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Quickfire Questions #54: James Leesley of High Hazels

 
By on Monday, 7th October 2013 at 11:00 am
 

Just last Friday, Sheffield band High Hazels hosted a sold out single release launch night for ‘Hearts are Breaking’, released today as a 7″ on Heist or Hit Records. By all accounts, it went swimmingly and we’re very pleased for them. Also last week, we had a chat with singer James Leesley about the band, how they got together and where their name came from, amongst other sundry things; in case you missed that, you can read all of that here. We also bent James’ ear about what else, the TGTF Quickfire Questions, which turned out to be quite good timing as the band will be on London this Wednesday to support Leeds band China Rats at the Sebright Arms and will return there on Saturday the 19th of October to play a headline show. In this feature, James gives us some insight on some Manchester-area bands that have meant a lot to him, as well as what album by an American band he’d bring with him to Heaven. Read on…

What song is you earliest musical memory?
Singing ‘Shout’ by Tears For Fears as loud as I could. I still love Tears For Fears now!

What was your favorite song as a child?
‘The Perfect Kiss’ by New Order, the frog noises used to fascinate me.

What song makes you laugh?
I honestly can’t think of a song that makes me laugh.

What song makes you cry?
‘Love Will Tear Us Apart’ by Joy Division.

What song reminds you of the first time you fell in love?
That’s a tough question, maybe ‘Mathematics’ by Cherry Ghost. Let’s go with that!

What song makes you think of being upset/angry?
I’m not really an angry person but ‘Corpus Christi Carol’ by Jeff Buckley or ‘One Of These Things First’ by Nick Drake are both very calming.

Which song do you wish you’d written yourself?
There’s so many, but I’ll go for ‘New Slang’ by The Shins.

Who is your favorite writer?
Paul Simon.

If you hadn’t become a singer/musician/songwriter, what job do you think you’d be doing right now?
Well, we’re not quite at the privileged stage of doing this full time yet, saying that if we weren’t making music I’m sure we’d be in different jobs to the ones we’re in now, so who knows!

If God said you were allowed to bring only one album to Heaven, which would it be and why? (Sorry, double albums do not count.)
I’ll go for ‘Lisbon’ by The Walkmen. There’s a song for every mood on there and I don’t think I’d ever get bored of it.

Thanks very much James for doing this interview with us and also massive thanks to Penny for sorting this and the previous interview for us here at TGTF.

 

Quickfire Questions #53: Jamie Jay and Sam Robinson of Wild Swim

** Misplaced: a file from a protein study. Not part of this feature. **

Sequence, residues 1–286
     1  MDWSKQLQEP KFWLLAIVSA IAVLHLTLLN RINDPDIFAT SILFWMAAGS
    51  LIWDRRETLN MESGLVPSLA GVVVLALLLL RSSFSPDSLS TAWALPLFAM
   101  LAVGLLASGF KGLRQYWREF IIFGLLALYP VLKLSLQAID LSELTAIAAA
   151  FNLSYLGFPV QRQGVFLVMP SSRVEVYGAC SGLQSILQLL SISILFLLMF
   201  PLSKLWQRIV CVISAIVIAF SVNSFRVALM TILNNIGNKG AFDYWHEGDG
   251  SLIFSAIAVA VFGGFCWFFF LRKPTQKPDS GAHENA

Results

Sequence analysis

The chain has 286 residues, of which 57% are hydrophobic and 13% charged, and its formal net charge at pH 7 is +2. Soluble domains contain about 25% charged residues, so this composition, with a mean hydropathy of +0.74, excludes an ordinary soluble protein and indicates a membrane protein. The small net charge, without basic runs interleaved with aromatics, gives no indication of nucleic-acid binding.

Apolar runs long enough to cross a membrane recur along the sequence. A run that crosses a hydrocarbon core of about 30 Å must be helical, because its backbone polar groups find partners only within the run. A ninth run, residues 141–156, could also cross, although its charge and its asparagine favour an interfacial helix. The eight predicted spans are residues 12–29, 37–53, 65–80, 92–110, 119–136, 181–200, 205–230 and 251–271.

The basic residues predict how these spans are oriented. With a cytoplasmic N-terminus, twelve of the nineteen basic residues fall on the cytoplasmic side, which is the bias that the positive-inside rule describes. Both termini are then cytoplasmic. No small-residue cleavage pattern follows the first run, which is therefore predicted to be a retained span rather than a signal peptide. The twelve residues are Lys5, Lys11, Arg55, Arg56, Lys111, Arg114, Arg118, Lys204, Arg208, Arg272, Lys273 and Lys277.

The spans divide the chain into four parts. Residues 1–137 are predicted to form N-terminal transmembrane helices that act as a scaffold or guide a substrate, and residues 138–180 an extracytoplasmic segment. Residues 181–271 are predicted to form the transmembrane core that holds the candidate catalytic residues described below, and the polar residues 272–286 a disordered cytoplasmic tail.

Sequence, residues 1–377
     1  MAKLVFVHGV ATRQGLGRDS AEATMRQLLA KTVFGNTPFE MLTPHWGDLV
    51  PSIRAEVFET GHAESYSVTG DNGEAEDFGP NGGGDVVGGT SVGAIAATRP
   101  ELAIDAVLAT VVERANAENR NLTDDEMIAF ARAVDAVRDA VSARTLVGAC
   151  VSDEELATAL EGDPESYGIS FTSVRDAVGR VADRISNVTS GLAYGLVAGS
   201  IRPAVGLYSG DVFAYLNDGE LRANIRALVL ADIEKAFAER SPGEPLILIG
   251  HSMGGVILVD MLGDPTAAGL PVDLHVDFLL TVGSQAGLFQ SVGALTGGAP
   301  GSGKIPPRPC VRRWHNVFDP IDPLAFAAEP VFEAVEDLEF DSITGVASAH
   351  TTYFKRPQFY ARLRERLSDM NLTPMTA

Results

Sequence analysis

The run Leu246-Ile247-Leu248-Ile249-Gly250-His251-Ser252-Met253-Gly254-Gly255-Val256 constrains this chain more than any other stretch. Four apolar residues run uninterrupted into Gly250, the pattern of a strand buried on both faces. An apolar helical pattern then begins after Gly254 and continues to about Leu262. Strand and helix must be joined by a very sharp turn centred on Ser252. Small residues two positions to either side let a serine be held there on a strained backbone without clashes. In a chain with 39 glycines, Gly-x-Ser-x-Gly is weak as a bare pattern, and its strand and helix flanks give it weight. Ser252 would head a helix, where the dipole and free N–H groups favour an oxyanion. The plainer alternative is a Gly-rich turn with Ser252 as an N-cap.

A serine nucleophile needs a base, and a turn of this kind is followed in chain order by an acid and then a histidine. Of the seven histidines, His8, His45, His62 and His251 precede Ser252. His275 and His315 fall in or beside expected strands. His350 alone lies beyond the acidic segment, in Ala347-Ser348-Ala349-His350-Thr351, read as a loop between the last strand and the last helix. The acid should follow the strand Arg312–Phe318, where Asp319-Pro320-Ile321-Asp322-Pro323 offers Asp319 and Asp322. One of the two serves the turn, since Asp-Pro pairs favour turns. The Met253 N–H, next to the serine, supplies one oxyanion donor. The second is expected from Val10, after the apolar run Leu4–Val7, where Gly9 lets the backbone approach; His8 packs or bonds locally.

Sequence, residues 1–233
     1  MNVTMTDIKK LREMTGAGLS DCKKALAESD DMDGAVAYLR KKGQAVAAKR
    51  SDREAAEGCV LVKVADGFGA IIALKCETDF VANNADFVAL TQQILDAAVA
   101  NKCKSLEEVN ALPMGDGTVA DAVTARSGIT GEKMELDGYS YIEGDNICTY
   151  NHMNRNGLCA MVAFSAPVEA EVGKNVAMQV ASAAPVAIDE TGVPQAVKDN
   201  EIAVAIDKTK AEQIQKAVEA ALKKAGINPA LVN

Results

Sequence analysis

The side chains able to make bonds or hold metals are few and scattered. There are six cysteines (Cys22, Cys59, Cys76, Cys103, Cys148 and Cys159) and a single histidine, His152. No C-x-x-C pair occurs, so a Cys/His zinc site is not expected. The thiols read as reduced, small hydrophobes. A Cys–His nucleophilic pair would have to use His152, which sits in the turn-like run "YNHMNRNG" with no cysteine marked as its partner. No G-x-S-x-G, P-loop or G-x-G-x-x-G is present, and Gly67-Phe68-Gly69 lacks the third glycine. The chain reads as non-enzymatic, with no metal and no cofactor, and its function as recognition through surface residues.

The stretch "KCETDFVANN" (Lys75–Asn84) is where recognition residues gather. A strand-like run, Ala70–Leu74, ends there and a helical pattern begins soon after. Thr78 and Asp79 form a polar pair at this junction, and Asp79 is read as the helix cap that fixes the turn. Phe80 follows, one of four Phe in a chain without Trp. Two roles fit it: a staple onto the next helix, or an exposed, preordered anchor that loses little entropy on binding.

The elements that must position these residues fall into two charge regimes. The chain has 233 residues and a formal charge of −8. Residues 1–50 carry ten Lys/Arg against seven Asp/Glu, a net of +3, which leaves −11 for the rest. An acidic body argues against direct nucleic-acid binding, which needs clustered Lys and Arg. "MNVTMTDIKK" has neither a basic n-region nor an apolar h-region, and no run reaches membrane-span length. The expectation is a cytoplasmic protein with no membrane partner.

By on Friday, 4th October 2013 at 11:00 am
 

Jamie Jay (guitar / keyboards / programming / production) and Sam Robinson (drums / percussion) of Oxford band Wild Swim decided to tag team it when we asked them our TGTF Quickfire Questions. They recently appeared at London XOYO as support for Duologue, and Ben’s review of that night is forthcoming. But first, let’s take a trip down memory lane with the lads…

What song is your earliest musical memory?
Jamie: The earliest pop song would probably be David Bowie‘s ‘Life On Mars’.

What was your favourite song as a child?
Sam: Rolling Stones – ‘Sympathy For The Devil’.

What song makes you laugh?

Jamie and Sam: Kirin J. Callinan – ‘Embracism’ (it’s also very good though).

What song makes you cry?
Sam: Martin Simpson – ‘Brothers Under the Bridge’.

What song reminds you of the first time you fell in love? (It’s up to you if you want this to be sweet, naughty, etc.)
Sam: Tom Waits – ‘Hang Down Your Head in Sorrow’.

What song makes you think of being upset / angry? (Example: maybe you heard it when you were angry with someone and it’s still with you, and/or something that calms you down when you’re upset, etc.)
Jamie: Rage Against The Machine – ‘Wind Below’.

Which song (any song written in the last century) do you wish you’d written yourself?
Jamie: Grizzly Bear – ‘I Live With You’.

Who is your favourite writer? (This can be a songwriter or ANY kind of writer.)
Sam: Gary Snyder (poet and essayist).

If you hadn’t become a singer/musician/songwriter/etc., what job do you think you’d be doing right now?
Jamie: Gutting fish.

If God said you were allowed to bring only one album with you to Heaven, which would it be and why? (Sorry, but double albums do not count.)
Sam: Cut Hands – ‘Black Mamba’ (‘cos I can’t imagine they have much of that up there).

Cheers to Jamie and Sam for answering our questions and Jonathan and Aoife for sorting this out for us. Wild Swim’s next release is the single for ‘New Dawn’, out on the 21st of October; listen to the single here.

 

Quickfire Questions #52: The Orielles (formerly The Oreoh!s)

 
By on Monday, 30th September 2013 at 11:00 am
 

Update: as of 26/11/2013, they’re now called The Orielles.

Halifax band The Oreoh!s – made up of sisters Esme (lead vocals / bass) and Sid Hand-Halford (drums) and Henry Wade (guitar) – have been building up loads of practical yet impressive gig experience as of late, supporting Jez Kerr, the Lovely Eggs, Hey Sholay, and even TGTF favourites The Crookes.

Actually, next week on Thursday night (3 October) alongside the Hosts, they will be supporting the Sheffield band when they play at the University of Sheffield’s student union room the Foundry. Ahead of that performance and one the following night support Go-Kart Mozard in Preston, we asked the bright-eyed and bushy-tailed trio to answer our Quickfire Questions. They are certainly our youngest participants to the QQs and so the question about what their favourite song was as a child seems a little premature, but I think you will see as you read their answers that you can be of any age to love, appreciate and get inspired by music. Read on…

What song is your earliest musical memory?
Sid: I remember my mum and dad playing The Flaming Lips‘ ‘The Yeah Yeah Yeah Song’ in the car all the time, so it would have to be that!
Henry: It was ‘Pictures of Matchstick Men’ by Status Quo, and I remember it being the song that inspired me to play guitar.
Esme: ‘Grand Canyon’ by Grandaddy.